Statement from MPP Trustees on Chantry Tennis Club

Moseley Park and Pool Trustees feel it is important that Park users and the local community are fully aware of current discussions with the Chantry Tennis Club with regard to the renewal of their lease.

This statement explains our position.

Chantry Tennis Club and its history in the park 

Tennis has been played in the Park since 1900. The three main courts and the pavilion were constructed by the owners of the Park – Moseley Park & Pool Company Ltd. They also provided a Bowling Green where the two, junior courts presently sit.  These facilities were originally open to all.

In 1959, the Bowling Green still being in existence, the Tennis club was granted a 7 year lease for the 3 courts for an annual rent of £65. In 1968 the Chantry Tennis Club took out a twenty-one year lease for exclusive use of the 5 courts and pavilion.  This lease has never been formally renewed, and the Club has continued to pay a rent which has remained at £100 per annum.

Our vision for a thriving tennis club for all

We want to see Chantry Tennis Club continue to thrive, while improving facilities and opening up access to the wider community. This includes making sure children from schools can benefit by learning to play tennis there as part of their sporting curriculum.

Why we need to re-negotiate the lease

The Club originally leased the courts from Moseley Park and Pool Company.  In 2006, this Company was replaced by the Moseley Park and Pool Trust – a charitable trust as defined by the Charities Act.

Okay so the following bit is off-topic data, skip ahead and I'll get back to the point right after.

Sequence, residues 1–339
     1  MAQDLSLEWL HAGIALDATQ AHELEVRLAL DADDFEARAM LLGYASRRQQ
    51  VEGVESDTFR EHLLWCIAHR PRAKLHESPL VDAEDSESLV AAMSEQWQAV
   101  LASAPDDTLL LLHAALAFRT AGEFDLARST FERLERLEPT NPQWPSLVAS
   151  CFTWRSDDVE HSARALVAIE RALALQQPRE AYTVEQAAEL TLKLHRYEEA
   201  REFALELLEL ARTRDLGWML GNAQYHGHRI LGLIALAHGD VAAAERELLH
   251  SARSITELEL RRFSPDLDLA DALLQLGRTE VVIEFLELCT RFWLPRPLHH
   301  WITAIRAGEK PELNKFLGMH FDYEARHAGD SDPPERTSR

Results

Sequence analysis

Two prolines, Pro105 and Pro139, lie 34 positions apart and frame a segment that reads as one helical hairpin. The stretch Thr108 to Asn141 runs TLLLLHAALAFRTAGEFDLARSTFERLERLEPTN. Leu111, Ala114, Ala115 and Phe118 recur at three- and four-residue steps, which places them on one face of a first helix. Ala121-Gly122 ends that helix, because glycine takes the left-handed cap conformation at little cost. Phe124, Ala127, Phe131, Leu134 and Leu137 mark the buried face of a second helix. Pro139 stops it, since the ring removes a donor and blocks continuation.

We are legally obliged to manage the affairs of the Trust in line with guidance provided by the Charity Commission. This includes a requirement to seek market rents for any property leased by the Trust and to seek appropriate professional advice when needed.

The current rent of £100 a year – or less than 30p a day – is not in line with market rents.

The results of the renegotiation

During the past few months, we have been in discussion with the Tennis Club, with the aim of agreeing a new lease. We have sought the advice of an appropriately experienced firm of solicitors.

The Tennis Club has asserted their rights under the Landlord and Tenant Act 1954, and has tried to impose their own terms for a new lease.

As it is normal for the landlord to prepare a lease, and the Park Trustees have a legal obligation to secure proper market terms for any such lease, the advice given by the Park’s solicitors has been to serve six months’ notice on the Tennis Club to terminate the existing lease (although that notice period can be further extended by agreement between the parties

Working towards a solution

We want to reach an amicable solution with the club’s members, so they can continue to enjoy playing tennis there.

Although the notice has been served, and cannot be legally withdrawn, we do not want to have to enforce it.

Our underlying intention is to seek to agree a new lease with the Chantry Tennis Club upon terms which will ensure the future of the Tennis Club and enable the facilities to be improved, thus benefitting everyone who wishes to play tennis.

Our overall aim is to preserve and enhance this historic park and its facilities for people to use and enjoy. Our intention is to make the Park available to more people of all ages in a variety of ways. This includes a wide range of sports facilities as well as tennis.

In conclusion, as Trustees we have to act in the interest of the Park in accordance with the guidance given by the Charities Commission.  Within this context, it is hoped that an amicable agreement with the Chantry Tennis Club can be achieved by meaningful negotiations.